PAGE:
Her fierce choreography sometimes amazed and sometimes horrified, but in it she embodied modern dance--arrogantly and spectacularly

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    Graham came decisively into her own in the '40s, turning out in rapid succession the decade-long series of angst-ridden dance dramas--enacted on symbol-strewn sets designed by the sculptor Isamu Noguchi and accompanied by scores commissioned from such noted composers as Aaron Copland and Samuel Barber--on which her reputation now chiefly rests. Cave of the Heart (1946), one of her many modern recastings of ancient Greek myth, contains a horrific solo in which the hate-crazed Medea gobbles her own entrails--perhaps Graham's most sensational coup de theatre and one recalled with nightmarish clarity by all who saw her bring it off.

    "How do you want to be remembered, as a dancer or a choreographer?" Graham was asked by choreographer Antony Tudor. "As a dancer, of course," she replied. "I pity you," Tudor said. His words proved prophetic. In her prime a performer of eye-scorching power, Graham insisted on dancing until 1968, long after her onstage appearances had degenerated into grisly self-caricature. Her unwillingness to let younger soloists take over led her to replace her signature pieces with new dances in which she substituted calculated effects for convincing movement. Adoring critics pretended nothing was wrong, but in fact she produced virtually no work of lasting interest from 1950 to her death 41 years later.

    Her wishes notwithstanding, it is not likely that Graham will be remembered as a dancer, at least not very clearly: films of her performances are scarce and mostly primitive. Much of her choreography has failed to wear well, especially by comparison with the work of George Balanchine, the unrivaled master of neoclassical ballet, and Taylor and Cunningham, her apostate alumni. No more than half a dozen of her dances, most notably Cave of the Heart and Appalachian Spring (1944), her radiant re-creation of a pioneer wedding, seem likely to stand the test of time. The rest are overwrought period pieces whose humorless, lapel-clutching intensity is less palatable now that their maker is no longer around to bring them to life.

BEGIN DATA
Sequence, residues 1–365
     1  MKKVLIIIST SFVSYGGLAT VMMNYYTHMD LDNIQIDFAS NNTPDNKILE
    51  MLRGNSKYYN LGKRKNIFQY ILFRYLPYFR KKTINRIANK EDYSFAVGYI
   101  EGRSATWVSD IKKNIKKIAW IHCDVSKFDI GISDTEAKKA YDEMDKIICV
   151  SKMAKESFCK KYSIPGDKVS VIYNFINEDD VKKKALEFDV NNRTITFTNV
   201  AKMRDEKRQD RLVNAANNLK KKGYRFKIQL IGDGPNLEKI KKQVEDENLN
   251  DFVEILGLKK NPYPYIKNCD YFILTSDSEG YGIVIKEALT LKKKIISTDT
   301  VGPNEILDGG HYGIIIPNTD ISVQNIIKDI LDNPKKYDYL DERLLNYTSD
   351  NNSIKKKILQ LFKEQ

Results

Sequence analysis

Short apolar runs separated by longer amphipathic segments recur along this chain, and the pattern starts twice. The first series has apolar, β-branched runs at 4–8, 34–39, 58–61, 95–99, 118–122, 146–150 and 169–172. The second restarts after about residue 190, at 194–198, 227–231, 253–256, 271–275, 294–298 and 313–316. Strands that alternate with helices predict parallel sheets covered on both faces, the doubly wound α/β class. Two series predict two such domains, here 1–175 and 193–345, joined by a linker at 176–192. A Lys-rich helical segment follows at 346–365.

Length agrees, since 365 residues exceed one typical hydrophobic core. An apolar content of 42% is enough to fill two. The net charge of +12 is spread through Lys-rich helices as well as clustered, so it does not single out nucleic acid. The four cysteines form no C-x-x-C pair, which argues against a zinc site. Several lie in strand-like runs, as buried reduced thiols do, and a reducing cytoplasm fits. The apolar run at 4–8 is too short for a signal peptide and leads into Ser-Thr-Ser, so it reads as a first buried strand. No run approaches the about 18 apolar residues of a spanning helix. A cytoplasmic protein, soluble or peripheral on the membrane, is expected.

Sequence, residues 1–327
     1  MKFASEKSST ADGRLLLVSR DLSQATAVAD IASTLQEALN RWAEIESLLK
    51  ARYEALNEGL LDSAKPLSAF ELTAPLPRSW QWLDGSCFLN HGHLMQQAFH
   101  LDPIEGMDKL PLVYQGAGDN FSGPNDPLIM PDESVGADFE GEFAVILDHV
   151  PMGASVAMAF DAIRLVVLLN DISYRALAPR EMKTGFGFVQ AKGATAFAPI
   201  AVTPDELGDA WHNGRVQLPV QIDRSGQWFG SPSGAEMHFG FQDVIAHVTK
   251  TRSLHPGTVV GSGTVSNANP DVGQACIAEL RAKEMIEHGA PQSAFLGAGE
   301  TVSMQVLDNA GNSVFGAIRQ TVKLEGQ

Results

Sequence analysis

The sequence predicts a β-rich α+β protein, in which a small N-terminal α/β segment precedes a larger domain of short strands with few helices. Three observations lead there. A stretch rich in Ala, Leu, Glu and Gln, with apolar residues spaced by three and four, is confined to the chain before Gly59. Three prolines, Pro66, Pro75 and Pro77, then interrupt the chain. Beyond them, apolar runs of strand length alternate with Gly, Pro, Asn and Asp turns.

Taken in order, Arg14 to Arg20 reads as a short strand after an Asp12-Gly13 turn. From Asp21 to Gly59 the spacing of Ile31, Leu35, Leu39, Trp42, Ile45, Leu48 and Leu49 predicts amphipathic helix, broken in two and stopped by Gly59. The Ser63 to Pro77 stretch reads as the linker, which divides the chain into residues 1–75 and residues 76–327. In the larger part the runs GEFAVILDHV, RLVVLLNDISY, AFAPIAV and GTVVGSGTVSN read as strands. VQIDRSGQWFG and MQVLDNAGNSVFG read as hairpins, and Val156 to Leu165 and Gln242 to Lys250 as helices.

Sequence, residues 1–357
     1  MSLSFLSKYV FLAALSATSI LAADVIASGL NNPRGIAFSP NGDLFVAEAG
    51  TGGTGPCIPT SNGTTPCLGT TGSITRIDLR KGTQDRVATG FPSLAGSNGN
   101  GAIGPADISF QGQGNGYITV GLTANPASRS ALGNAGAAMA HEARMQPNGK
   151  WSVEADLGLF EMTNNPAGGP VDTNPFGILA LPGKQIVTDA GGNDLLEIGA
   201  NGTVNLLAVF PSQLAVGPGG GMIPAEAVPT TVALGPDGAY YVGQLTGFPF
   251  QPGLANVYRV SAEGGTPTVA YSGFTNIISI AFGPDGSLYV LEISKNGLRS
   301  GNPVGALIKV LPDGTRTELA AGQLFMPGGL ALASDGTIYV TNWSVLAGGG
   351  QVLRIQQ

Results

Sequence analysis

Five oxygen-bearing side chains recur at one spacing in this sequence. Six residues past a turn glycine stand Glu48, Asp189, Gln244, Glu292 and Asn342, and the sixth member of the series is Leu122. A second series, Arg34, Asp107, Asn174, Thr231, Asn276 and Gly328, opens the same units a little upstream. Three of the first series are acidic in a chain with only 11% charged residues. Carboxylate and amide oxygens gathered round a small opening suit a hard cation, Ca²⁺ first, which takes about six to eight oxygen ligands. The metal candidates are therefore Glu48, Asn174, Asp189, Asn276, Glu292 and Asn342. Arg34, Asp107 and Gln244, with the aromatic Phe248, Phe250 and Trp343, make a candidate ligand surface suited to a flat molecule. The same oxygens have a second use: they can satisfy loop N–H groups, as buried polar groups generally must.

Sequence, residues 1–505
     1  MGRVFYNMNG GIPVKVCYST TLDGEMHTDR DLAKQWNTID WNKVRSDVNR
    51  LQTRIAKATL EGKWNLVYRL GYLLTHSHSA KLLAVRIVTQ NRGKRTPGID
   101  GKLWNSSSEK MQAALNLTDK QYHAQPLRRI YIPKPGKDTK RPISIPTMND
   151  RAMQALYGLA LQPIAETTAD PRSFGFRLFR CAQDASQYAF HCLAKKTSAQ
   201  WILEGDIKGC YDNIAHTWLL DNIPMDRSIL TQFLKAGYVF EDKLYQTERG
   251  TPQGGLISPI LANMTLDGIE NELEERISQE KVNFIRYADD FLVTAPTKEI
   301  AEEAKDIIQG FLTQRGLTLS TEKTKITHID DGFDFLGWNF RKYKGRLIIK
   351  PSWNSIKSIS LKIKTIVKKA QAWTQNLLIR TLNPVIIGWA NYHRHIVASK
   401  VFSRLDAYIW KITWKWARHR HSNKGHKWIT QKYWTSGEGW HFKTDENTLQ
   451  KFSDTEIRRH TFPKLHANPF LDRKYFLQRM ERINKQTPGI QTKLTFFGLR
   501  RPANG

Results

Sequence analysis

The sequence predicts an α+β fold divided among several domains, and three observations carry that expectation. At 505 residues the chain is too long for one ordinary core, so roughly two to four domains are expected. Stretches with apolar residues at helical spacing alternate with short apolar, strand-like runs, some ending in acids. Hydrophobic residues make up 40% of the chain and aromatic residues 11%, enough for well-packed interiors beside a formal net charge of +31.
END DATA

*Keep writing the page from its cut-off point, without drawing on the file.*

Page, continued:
Yet a theatrical legacy cannot always be measured by such seemingly objective yardsticks. Though there is no film of Nijinsky dancing, no one questions his place of honor in the history of 20th century ballet. Even if her beleaguered company should someday close its doors and her dances cease to be performed, Graham will doubtless be remembered in much the same way, for the shadow she cast was fully as long. Did she invent modern dance? No, but she came to embody it, arrogantly and spectacularly--and, it appears, permanently. "When the legend becomes fact," said the newspaper editor in John Ford's The Man Who Shot Liberty Valance, "print the legend." The legend of Martha Graham long ago became fact, just as her utterly personal technique has become part of the common vocabulary of dancers everywhere. "The center of the stage is where I am," she once said. It still is.

    TIME contributing writer Terry Teachout covers dance for the New York Daily News

    Some Memorable Moves

    The century's most vivid moments in dance were as diverse in tone and technique as jazz, opera and punk rock. Here are three:

    Fred Astaire and Ginger Rogers turned hoofing into pop poetry. In The Gay Divorcée (1934), their pas de deux added full-clothed seduction to Cole Porter's ballad.

    Choreographed in 1928 for the legendary Ballets Russes, this first masterpiece by George Ballanchine jump-started classical ballet with a jolt of cool, clear modernism.

    He slipped, he slid, he conquered: with this smooth cameo on Motown's 25th anniversary TV special in 1983, Michael Jackson brought street dancing into the spotlight.

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